Housing would be cheaper cure for homelessness, legislators are told

Housing would be cheaper cure for homelessness, legislators are told

Photo above by moriza, Flickr Creative Commons License

By Rebecca Lessner

For MarylandReporter.com

As Maryland’s homeless situation becomes “especially dire,” the creation of affordable housing for the homeless would be cheaper than the cost of shelter efforts, Director Adam Schneider of Health Care for the Homeless told a Senate budget subcommittee Friday.

“Shelters cost about $30 per person, per night. That’s $900 we are spending monthly to keep people homeless.” Schneider said before the Health and Human Services Subcommittee of the Senate Budget and Taxation Committee.

“That is a shocking figure, when we consider that for that amount we could be housing people.” Schneider said.

This year, there was a shortage of housing for 190,000 households below 150% of the area median income this year. It has grown by 70,000 houses in the past 10 years, and the state uses a lottery system to determine who will be able to live in low-income housing.

“I work in Baltimore City,” said Schneider, “where the Section Eight housing waiting list was open for 9 days at end of October. 74,000 households applied to go into a lottery for 25,000 slots.”

Out of those 74,000 households, only one-tenth will get housing aid. Currently, Baltimore County’s waitlist is nine-years, Schneider said those applying now would “maybe” receive assistance at the end of that period.

Currently Howard, Montgomery, Caroline, Dorchester, and Talbot counties’ low-income housing waitlists are closed.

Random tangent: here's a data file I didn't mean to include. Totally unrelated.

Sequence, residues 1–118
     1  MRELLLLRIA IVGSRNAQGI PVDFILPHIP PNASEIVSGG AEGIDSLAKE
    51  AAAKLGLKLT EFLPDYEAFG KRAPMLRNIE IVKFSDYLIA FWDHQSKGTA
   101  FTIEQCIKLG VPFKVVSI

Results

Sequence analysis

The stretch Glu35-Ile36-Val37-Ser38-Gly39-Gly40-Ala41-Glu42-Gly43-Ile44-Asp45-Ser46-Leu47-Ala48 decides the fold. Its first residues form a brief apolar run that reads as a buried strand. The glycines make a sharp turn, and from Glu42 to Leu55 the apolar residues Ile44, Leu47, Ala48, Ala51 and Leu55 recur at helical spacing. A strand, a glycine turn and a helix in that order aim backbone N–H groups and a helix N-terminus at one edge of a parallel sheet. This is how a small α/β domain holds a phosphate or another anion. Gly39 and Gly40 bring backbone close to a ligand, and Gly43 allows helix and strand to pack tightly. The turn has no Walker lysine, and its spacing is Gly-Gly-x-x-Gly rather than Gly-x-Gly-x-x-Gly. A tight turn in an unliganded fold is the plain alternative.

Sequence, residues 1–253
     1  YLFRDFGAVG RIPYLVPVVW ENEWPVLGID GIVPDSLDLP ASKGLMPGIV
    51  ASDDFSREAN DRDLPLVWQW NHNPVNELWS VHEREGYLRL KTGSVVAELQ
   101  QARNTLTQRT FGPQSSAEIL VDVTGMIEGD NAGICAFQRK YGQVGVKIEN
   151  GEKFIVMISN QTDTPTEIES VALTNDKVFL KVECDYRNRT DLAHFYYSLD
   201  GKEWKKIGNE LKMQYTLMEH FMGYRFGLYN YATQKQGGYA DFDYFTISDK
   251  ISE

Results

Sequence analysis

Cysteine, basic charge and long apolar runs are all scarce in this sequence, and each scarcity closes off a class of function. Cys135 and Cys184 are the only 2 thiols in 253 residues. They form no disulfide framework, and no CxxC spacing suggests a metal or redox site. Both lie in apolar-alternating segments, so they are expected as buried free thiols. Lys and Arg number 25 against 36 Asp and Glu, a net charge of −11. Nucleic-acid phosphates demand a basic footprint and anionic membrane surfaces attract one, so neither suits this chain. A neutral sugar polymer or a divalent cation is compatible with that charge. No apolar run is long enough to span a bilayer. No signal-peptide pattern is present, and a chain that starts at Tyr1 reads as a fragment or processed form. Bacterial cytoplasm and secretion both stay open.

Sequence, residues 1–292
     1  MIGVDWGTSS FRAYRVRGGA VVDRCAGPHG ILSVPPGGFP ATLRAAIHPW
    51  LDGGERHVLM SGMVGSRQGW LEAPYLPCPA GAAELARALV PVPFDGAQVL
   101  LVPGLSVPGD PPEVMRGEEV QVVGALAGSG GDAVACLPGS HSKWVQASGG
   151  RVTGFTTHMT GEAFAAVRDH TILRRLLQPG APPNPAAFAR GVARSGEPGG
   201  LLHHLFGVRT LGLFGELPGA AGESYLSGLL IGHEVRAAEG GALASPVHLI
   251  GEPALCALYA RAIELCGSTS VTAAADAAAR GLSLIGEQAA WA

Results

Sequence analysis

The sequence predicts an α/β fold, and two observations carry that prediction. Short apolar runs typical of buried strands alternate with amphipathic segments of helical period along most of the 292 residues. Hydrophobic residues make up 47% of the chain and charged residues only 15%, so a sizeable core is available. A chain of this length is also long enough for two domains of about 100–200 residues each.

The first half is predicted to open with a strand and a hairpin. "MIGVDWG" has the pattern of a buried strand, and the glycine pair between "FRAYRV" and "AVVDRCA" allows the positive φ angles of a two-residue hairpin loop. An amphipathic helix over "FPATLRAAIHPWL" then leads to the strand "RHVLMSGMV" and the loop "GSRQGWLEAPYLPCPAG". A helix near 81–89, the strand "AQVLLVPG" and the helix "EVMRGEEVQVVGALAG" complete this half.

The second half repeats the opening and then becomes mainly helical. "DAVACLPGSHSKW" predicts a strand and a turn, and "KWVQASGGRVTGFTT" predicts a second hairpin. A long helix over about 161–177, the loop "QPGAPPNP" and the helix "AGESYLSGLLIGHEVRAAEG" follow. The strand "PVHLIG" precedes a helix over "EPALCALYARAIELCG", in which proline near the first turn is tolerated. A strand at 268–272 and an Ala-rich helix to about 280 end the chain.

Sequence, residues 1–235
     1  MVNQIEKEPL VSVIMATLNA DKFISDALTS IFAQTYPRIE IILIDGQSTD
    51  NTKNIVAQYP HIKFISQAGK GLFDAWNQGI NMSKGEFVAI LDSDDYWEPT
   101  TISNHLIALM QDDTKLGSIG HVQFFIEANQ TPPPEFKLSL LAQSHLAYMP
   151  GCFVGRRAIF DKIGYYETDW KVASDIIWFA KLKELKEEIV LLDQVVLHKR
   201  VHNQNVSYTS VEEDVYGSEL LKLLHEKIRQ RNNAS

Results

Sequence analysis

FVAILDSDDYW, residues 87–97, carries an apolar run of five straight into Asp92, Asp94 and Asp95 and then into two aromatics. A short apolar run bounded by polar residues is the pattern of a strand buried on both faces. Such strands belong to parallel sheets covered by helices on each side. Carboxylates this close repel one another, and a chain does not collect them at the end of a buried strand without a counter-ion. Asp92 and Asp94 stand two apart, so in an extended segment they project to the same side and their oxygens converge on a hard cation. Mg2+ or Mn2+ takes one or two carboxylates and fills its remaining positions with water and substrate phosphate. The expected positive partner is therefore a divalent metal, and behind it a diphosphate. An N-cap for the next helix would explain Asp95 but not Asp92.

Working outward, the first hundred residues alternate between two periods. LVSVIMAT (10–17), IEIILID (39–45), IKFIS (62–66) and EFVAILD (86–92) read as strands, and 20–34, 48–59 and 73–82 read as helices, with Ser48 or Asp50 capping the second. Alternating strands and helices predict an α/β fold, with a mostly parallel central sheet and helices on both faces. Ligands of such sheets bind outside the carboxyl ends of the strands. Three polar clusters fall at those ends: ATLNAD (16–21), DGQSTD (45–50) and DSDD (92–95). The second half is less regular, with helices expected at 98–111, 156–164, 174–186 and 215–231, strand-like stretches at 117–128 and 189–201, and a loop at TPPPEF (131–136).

“It’s bad for business when business employees cannot afford to live,” Schneider said.

Baltimore County’s lowest wage workers need “3 full time jobs to afford housing at fair market rent,” he said.

“Homelessness is very expensive,” Schneider said, pointing out that individuals on the streets also create emergency room, jail and shelter costs.

Homelessness raises health costs

Chauna Brocht, a social worker of nine years and leader of the Convalescent Care Program, also testified about her most medically vulnerable clients who have become homeless after medical emergencies.

“We know that homelessness exacerbates health conditions..it creates a cycle of emergency department use and poor health outcomes.” Brocht said.

Boston Healthcare for the Homeless program found that for 119 street-individuals, there were 18,000 ER visits and over 900 hospitalizations in five-years. It was found that homeless individuals average a cost of $28,000 a year for hospital visits, versus the average $6,000 a year for an individual who manages to receive housing.

He wishes to copy states like Minnesota and Massachusetts.

Minnesota invested $100 million in capital funding in the creation of affordable housing, which not only saved money but also created jobs. And Massachusetts created a program called Home and Healthy for Good, funded through their state budget, which was created “as a result of mounting evidence from around the country that Housing First strategies result in tremendous cost savings to cities and states.”